How to Use this Blog

Howdy! We've amassed tons of information and important history on this blog since 2010. If you have a keyword, use the search box below. Also check out the reference section above. If you have a question or need help searching, use the contact form at the bottom of the blog.

“As an Amazon Associate I earn from qualifying purchases.” If you buy any of the books at the links provided, the editor will earn a small amount of money or commission. (we thank you) (that is our disclaimer statement)

This is a blog. It is not a peer-reviewed journal, not a sponsored publication... The ideas, news and thoughts posted are sourced… or written by the editor or contributors.

Can you help us? Here is how:

WRITE AND POST A BOOK REVIEW ONLINE:
Please know that if you write an honest book review, we are very very appreciative. Amazon, Kobo, Good Reads, Apple Books, etc. - every opinion counts.

DONATE COPIES:
If you can, please donate a copy of our book titles to your local library, college or school.

Search This Blog

Wednesday, March 6, 2013

RED ROAD: The Barry Hambly Story



Poster advertising the children
One Man's Search for Identity

The events that lead up to the removal of Barry Hambly and his three brothers from their mother, reflected a series of policies that adversely affected — and continue to affect — First Nations people. 
Barry's mother, Darlene Whitecap, has experienced firsthand the impact of these policies on her life, and the lives of her children. Darlene Whitecap was raised on a reserve and taken away to a white-run residential school at age four.
 Eventually returning to the reserve, she found herself in an abusive relationship when she was 16.  By the time she was 24 years old, with four young children, alcohol had become a part of her life. It was then that she decided to run from the reserve to Regina. Soon after, she would lose her children to social agencies due to her alcoholism.


The adoption policies of this era were controversial and became known as the "Sixties Scoop."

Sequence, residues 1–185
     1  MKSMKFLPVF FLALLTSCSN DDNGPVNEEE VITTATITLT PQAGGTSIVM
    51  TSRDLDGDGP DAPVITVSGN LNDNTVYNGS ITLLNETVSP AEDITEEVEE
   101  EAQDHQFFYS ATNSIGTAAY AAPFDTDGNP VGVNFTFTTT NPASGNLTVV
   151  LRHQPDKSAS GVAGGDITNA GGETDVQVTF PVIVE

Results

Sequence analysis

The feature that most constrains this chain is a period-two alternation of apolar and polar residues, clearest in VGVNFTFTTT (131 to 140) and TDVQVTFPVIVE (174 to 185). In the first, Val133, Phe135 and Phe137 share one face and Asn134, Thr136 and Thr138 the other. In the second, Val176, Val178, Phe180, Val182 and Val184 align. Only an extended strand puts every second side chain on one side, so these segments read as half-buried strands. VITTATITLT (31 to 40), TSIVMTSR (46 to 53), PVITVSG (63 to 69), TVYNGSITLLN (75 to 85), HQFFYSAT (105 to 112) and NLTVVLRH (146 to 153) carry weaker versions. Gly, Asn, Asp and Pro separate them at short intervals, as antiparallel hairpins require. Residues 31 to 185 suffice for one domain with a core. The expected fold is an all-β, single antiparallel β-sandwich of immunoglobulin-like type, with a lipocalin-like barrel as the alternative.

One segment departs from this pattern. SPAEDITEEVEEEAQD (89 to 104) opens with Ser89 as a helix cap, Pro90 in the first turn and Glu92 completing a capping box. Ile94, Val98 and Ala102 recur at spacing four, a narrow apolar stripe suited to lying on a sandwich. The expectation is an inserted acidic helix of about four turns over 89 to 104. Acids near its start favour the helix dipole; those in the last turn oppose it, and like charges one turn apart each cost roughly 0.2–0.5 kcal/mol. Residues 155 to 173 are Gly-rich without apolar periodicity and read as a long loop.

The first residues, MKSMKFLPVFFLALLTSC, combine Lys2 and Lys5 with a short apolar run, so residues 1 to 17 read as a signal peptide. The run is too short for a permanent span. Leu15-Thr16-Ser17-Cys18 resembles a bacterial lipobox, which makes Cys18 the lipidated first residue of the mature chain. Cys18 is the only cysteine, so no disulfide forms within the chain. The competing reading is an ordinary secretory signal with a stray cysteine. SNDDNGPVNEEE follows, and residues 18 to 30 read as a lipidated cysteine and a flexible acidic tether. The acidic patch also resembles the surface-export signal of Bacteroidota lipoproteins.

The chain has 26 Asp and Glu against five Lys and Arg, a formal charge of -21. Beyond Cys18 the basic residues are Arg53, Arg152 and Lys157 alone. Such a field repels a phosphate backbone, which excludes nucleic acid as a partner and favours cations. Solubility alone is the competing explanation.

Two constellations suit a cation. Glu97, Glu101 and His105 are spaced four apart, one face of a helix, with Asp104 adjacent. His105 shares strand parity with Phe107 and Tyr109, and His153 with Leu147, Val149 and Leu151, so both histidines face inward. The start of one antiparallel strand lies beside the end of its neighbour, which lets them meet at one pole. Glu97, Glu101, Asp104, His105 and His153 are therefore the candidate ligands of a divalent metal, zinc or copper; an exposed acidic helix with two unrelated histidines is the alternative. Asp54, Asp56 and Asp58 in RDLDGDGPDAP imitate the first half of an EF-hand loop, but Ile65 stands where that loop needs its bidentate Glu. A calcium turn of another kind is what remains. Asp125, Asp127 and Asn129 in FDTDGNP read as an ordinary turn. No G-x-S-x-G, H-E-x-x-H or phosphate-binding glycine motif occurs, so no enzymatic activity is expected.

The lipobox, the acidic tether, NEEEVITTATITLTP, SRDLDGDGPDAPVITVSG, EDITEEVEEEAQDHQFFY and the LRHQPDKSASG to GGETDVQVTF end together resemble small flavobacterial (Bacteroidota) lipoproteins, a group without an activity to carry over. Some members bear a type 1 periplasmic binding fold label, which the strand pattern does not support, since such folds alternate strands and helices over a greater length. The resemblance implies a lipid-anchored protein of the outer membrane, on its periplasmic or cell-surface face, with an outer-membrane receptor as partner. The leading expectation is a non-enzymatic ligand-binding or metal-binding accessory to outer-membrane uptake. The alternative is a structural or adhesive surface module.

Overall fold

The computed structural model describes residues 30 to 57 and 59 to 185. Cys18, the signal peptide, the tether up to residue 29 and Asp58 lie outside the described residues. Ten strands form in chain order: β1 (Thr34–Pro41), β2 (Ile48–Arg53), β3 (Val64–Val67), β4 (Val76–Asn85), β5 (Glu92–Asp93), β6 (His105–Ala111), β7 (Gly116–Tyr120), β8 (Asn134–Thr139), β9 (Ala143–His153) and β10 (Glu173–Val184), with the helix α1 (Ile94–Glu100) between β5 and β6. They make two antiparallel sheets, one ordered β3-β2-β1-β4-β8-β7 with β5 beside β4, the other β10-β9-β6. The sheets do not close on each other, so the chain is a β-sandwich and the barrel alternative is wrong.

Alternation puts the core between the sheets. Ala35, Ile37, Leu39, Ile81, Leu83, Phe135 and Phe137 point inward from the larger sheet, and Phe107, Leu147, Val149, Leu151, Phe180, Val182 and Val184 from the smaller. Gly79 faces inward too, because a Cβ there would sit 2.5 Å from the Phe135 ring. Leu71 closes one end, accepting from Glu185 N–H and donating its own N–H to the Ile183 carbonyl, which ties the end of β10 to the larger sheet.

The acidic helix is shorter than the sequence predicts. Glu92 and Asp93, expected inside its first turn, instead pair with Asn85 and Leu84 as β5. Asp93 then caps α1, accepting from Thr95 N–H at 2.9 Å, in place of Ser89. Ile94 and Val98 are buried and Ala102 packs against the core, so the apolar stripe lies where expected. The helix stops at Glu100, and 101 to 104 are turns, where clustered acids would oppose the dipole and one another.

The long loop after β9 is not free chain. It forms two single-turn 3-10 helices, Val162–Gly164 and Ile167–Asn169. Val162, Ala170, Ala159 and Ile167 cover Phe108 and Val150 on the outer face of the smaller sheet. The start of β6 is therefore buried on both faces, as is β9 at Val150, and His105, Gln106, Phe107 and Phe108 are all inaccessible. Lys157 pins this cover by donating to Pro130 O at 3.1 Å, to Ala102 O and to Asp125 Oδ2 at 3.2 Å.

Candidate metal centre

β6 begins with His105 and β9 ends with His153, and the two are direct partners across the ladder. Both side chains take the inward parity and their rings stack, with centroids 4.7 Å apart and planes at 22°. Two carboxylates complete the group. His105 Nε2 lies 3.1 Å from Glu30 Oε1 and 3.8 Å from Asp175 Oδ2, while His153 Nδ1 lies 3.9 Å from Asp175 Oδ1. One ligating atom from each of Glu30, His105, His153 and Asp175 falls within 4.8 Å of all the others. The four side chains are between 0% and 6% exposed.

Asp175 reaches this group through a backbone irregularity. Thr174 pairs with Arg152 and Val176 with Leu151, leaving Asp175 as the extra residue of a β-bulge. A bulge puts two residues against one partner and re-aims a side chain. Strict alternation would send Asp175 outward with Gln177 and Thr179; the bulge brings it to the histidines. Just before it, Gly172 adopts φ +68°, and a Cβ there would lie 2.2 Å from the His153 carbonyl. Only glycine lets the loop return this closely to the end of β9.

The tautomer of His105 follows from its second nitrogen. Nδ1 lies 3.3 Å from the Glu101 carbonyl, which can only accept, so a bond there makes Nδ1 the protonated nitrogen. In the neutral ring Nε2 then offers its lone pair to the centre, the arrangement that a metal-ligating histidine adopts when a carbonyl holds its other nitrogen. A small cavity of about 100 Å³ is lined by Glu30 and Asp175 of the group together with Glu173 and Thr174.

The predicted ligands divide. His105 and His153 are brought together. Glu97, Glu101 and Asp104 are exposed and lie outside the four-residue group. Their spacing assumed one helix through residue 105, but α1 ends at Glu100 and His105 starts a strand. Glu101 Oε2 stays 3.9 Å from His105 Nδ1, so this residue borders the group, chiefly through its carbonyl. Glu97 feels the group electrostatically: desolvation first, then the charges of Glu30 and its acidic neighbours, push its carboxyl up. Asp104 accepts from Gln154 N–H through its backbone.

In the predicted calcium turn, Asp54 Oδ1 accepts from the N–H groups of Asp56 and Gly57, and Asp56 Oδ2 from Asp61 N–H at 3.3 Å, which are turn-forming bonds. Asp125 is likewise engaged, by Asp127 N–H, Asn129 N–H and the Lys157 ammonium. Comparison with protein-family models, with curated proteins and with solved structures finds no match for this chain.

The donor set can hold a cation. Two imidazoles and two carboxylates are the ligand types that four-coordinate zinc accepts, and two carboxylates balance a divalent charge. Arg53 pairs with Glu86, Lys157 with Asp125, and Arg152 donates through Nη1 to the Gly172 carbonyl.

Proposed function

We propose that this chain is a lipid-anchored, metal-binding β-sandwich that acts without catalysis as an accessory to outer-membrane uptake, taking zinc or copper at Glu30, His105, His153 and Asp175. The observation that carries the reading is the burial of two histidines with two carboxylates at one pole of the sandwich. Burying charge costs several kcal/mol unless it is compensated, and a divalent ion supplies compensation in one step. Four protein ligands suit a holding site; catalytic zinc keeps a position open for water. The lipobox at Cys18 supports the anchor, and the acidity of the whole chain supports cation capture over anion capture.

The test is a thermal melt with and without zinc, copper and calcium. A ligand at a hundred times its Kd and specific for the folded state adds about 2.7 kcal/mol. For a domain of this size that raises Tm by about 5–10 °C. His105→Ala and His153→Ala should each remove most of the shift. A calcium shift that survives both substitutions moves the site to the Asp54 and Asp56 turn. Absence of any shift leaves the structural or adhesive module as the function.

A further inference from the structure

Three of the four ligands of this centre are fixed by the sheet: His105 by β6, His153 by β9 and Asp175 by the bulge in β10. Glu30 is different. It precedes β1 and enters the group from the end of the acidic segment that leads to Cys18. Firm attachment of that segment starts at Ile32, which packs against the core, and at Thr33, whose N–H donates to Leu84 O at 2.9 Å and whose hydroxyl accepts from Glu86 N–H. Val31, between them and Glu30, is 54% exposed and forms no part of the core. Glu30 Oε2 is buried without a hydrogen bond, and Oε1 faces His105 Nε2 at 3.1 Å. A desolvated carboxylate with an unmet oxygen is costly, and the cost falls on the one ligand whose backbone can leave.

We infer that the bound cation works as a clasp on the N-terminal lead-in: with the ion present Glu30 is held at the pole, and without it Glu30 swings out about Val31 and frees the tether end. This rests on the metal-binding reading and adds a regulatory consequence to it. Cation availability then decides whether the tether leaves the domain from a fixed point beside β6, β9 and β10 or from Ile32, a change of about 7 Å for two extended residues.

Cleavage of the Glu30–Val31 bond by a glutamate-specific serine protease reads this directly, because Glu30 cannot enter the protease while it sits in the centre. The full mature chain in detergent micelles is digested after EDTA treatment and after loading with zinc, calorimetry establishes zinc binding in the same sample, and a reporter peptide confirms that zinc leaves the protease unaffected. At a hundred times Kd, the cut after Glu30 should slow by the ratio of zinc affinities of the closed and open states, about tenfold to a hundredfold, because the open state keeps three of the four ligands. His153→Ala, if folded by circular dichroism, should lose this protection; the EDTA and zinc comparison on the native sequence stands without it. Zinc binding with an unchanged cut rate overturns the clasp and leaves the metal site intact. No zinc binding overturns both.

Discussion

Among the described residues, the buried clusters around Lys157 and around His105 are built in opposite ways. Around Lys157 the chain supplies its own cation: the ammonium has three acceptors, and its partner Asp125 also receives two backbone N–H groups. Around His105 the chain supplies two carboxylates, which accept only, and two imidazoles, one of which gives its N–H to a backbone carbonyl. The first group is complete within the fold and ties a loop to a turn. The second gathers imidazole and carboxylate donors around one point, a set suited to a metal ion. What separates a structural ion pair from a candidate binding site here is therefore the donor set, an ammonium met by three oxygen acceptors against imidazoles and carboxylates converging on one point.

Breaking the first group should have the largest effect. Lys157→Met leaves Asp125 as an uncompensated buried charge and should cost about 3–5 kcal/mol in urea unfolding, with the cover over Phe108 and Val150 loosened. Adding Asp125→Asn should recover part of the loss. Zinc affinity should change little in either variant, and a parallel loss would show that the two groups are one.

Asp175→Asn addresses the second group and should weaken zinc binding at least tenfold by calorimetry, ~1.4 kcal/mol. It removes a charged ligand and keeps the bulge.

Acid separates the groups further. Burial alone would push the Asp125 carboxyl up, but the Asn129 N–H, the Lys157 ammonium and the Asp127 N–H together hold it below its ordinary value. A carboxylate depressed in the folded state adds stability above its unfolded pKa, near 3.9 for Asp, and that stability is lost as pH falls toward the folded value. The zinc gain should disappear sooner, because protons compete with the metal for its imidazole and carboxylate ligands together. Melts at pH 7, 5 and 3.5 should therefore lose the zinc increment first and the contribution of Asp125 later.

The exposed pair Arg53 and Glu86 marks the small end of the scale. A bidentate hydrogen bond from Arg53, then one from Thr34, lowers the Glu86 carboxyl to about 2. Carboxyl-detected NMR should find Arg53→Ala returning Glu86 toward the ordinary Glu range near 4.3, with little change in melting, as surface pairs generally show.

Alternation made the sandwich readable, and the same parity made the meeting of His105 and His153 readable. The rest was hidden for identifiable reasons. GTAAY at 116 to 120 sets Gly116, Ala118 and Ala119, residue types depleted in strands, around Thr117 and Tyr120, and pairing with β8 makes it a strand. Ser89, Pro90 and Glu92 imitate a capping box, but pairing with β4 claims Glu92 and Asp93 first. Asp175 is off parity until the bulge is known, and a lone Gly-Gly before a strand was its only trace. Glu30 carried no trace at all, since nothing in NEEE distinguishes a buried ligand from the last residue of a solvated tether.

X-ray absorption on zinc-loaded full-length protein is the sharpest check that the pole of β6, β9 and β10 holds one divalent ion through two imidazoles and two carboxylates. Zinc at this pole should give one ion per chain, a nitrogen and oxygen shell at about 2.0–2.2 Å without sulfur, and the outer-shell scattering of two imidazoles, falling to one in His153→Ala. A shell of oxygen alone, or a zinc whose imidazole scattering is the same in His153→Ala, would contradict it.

Red Road was produced by Lost Heritage Productions in association with Life Network,
and with the financial participation of the Canadian Television Fund (CTF).
Film Previews:

2 comments:

  1. Barry would like to know how he can get a copy of this for himself, as he doesn't have one

    ReplyDelete
    Replies
    1. I will certainly try to be a detective and find out. Not sure who produced it. Give him a hello from me.

      Delete

Please: Share your reaction, your thoughts, and your opinions. Be passionate, be unapologetic. Offensive remarks will not be published. We are getting more and more spam. Comments will be monitored.
Use the comment form at the bottom of this website which is private and sent direct to Trace.

Support them!

What our Nations are up against!

What our Nations are up against!

To Veronica Brown

Veronica, we adult adoptees are thinking of you today and every day. We will be here when you need us. Your journey in the adopted life has begun, nothing can revoke that now, the damage cannot be undone. Be courageous, you have what no adoptee before you has had; a strong group of adult adoptees who know your story, who are behind you and will always be so.

Did you know?

Did you know?
lakota.cc/16I9p4D

Help in available!

Help in available!
1-844-7NATIVE (click photo)

click to listen

Diane Tells His Name

where were you adopted?

where were you adopted?